Situated in southern Poland, Krakow is one of the country’s most ancient cities and its former capital and a real pearl in its crown. The city lies on the banks of the Vistula River which is called the Queen of Polish Rivers. Krakow receives visitors from the whole world.
The town is filled with monuments and is impossible to visit in just one day which is not really enough to experience the emotions this city can evoke. Its unique atmosphere has inspired artists and writers. Visitors fall in love with Krakow and if they leave, then it is only to return another day. The city’s rich cultural and artistic life contributes to this fascination as much as the genuine character of its streets and little squares lined with restaurants serving local delicacies.
The range of accommodation and gastronomic services is very wide and easily available, which makes planning a trip to Krakow very straightforward. It is also a base from which to visit southern Poland. Zakopane, called “the mountain capital” of Poland and Wroclaw are within easy distance from Krakow.
The Wawel Castle is the first renaissance castle and is one of Europe’s finest examples of Renaissance architecture built in Poland. It is open to visitors and the many valuable works of art, and antique furniture are certainly worth seeing.
The gothic St. Mary’s Basilica situated in the vicinity of the town square was built in the fourteenth century. Its main attraction is the world’s greatest wooden altar, sculpted by Wit Stwosz (Veit Stoss). This church is also well known for its bugle-call played every hour from the top of one of the towers.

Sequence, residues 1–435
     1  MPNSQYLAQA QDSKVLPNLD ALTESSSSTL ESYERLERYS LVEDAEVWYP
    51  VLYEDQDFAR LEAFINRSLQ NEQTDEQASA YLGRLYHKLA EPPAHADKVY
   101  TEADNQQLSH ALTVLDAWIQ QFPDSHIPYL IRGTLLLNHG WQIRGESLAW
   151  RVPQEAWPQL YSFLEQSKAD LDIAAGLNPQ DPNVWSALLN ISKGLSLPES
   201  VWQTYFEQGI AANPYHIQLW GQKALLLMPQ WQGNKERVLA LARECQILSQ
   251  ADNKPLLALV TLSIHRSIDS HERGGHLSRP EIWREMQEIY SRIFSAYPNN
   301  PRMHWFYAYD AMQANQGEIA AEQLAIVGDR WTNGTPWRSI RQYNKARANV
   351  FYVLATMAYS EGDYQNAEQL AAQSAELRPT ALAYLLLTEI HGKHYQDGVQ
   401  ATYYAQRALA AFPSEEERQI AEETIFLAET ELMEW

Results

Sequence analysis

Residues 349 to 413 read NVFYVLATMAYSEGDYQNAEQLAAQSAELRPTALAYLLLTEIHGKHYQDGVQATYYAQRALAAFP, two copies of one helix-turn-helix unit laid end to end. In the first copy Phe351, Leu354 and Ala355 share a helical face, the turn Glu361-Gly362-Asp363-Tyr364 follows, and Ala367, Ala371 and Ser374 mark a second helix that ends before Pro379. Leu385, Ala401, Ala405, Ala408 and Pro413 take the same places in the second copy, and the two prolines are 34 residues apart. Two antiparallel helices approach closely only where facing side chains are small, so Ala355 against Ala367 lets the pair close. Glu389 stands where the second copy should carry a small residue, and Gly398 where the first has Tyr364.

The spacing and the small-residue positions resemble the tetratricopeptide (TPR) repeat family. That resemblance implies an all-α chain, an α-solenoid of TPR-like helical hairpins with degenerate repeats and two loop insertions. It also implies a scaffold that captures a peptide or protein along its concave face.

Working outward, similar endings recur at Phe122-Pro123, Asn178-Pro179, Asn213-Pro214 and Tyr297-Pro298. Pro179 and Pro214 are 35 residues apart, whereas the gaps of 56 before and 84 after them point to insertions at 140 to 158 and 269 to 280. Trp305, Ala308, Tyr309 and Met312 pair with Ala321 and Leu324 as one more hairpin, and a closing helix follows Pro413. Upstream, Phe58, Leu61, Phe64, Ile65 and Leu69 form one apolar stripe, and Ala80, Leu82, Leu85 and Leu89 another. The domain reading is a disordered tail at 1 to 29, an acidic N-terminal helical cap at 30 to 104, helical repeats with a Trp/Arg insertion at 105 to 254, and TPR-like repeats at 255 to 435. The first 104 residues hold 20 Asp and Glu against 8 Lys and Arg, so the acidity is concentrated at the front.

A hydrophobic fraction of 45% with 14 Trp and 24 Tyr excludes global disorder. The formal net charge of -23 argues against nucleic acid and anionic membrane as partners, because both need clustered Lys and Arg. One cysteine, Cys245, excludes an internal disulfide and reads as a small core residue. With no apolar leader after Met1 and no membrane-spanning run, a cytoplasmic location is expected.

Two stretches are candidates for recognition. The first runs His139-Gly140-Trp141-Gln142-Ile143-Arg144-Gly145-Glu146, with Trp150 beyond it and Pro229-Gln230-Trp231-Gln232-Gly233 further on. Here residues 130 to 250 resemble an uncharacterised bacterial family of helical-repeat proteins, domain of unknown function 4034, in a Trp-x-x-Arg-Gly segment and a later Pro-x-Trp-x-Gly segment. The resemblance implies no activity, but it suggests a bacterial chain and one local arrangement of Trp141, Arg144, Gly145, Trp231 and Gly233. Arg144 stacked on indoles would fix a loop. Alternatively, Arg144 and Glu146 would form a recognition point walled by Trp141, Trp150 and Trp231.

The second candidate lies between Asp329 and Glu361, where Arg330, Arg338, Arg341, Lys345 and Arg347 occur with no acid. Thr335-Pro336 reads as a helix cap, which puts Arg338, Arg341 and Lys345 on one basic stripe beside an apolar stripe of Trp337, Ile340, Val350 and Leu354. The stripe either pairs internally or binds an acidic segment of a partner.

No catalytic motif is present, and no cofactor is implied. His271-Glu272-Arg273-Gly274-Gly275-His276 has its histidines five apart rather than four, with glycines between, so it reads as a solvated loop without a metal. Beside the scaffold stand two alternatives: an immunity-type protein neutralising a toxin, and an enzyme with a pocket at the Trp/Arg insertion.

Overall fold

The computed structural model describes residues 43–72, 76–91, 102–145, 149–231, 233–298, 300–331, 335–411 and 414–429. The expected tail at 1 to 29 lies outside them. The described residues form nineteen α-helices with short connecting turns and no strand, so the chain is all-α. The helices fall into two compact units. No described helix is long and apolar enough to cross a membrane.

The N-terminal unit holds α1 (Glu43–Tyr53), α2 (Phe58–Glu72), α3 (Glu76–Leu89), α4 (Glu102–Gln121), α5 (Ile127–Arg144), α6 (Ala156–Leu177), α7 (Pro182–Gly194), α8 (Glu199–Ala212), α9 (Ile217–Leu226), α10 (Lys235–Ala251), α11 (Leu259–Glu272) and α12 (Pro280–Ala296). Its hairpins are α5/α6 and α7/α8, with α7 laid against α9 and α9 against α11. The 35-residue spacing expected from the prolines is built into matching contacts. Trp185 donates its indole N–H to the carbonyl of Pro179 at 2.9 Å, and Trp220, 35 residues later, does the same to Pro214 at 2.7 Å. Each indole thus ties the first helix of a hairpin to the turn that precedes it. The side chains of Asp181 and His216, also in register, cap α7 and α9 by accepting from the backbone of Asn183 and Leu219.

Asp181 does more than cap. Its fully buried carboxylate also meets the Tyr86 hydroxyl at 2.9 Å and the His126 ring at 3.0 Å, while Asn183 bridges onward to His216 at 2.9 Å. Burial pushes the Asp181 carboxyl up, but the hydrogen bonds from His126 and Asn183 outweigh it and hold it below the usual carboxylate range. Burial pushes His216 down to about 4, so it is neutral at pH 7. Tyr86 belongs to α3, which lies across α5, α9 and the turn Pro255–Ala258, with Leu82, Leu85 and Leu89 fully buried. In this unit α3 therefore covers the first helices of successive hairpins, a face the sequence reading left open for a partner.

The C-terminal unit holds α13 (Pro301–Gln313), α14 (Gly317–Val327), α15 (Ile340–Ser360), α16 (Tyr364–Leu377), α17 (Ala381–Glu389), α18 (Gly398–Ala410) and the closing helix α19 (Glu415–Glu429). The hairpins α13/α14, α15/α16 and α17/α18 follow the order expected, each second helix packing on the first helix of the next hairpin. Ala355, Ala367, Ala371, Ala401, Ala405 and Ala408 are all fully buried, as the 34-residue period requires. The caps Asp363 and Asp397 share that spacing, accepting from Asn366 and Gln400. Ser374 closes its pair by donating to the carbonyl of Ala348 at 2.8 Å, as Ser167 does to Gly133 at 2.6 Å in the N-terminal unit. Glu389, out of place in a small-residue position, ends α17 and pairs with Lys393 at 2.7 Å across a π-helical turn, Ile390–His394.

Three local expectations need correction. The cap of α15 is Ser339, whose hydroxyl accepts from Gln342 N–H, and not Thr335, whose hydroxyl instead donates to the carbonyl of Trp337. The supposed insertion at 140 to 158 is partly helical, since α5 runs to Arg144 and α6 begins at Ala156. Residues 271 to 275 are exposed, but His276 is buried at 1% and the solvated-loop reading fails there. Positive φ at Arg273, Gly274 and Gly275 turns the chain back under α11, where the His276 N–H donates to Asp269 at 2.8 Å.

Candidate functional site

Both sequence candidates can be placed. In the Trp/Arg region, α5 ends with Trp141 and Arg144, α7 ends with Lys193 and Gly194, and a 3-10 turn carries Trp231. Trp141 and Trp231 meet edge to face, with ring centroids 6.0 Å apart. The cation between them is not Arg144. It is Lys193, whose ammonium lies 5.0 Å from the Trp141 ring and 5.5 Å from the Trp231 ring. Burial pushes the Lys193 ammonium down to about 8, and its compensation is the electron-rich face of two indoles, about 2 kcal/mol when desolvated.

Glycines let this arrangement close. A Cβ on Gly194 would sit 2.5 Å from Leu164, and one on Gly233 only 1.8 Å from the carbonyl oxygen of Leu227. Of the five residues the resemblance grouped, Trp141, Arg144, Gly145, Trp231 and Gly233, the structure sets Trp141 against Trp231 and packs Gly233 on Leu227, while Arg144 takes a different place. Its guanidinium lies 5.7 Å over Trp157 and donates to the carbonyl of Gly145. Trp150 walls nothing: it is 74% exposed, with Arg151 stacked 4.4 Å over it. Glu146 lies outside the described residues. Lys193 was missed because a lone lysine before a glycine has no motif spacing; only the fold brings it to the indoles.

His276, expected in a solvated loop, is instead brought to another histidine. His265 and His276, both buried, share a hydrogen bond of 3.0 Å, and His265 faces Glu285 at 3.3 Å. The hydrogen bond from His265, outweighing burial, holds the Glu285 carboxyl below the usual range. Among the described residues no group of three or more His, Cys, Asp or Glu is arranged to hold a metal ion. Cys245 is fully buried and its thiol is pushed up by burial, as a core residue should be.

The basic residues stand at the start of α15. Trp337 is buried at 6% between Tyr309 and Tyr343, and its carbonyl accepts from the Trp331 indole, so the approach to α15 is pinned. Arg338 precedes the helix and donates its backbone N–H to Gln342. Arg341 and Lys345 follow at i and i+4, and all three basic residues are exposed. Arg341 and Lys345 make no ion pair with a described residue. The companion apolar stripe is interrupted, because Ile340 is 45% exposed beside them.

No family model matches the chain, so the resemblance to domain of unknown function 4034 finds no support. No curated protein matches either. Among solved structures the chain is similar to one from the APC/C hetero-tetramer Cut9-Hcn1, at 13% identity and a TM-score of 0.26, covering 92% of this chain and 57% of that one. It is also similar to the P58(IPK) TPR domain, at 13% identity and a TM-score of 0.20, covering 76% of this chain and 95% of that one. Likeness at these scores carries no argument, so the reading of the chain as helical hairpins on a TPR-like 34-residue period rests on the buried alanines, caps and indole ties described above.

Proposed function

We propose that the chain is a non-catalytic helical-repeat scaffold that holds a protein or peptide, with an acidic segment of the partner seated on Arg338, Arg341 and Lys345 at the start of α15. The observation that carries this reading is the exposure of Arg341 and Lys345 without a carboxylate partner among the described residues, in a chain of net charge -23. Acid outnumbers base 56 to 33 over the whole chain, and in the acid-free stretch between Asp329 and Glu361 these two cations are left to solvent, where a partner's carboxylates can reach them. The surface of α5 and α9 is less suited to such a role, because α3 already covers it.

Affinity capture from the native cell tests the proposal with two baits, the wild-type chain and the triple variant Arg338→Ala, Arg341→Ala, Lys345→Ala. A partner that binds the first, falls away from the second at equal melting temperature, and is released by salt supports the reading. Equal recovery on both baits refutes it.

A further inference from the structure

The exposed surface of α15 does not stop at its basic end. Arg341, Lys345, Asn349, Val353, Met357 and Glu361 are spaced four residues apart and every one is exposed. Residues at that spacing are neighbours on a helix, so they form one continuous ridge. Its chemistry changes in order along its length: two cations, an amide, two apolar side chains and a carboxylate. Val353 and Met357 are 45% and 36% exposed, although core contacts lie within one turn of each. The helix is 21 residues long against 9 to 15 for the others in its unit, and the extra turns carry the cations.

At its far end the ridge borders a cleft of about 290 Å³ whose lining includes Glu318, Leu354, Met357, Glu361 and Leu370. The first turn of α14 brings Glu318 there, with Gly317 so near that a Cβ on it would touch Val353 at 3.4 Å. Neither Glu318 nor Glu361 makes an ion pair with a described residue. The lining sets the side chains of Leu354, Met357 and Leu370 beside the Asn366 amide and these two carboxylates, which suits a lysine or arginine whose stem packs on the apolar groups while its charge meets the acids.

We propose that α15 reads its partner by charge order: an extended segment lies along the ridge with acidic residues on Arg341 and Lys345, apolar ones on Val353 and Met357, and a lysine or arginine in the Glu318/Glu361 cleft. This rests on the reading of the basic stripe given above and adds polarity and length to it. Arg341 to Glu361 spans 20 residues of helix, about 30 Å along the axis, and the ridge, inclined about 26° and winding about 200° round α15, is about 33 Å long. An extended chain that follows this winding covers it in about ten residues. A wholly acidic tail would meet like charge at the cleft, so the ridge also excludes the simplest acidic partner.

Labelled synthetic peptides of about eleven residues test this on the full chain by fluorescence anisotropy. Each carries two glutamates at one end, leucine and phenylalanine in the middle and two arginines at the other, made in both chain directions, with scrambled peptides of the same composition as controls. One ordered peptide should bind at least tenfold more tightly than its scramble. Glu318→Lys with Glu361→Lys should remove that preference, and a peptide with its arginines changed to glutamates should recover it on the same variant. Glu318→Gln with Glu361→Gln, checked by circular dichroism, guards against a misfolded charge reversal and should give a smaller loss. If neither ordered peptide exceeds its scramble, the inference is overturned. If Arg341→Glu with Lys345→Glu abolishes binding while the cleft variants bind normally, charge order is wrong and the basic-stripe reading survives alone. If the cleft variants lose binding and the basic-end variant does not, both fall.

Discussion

The Town Square, situated at the heart of Cracow’s Old Town, is included on the UNESCO list of the World Heritage Sites. It is the largest medieval town square in Europe, measuring 656 square feet.
In the past, it was a marketplace and the location for numerous official events.
Kazimierz is a district best remembered as a former Jewish settlement. It was founded in 1335 by Casimir III the Great. The whole district was placed on the UNESCO list of World Heritage Sites – the first such case in the world. Steven Spielberg’s movie, Schindler’s List, was shot in 1993 almost entirely in Kazimierz.
Situated at the heart of the Main Market Square, this renaissance building is one of the city’s most recognizable structures.
During its golden age in the 15th century, Sukiennice was a major centre of international trade and the source of a variety of exotic eastern products like spices, silk, leather and wax, while Cracow, in turn, exported textiles, lead and salt from the Wieliczka Mine.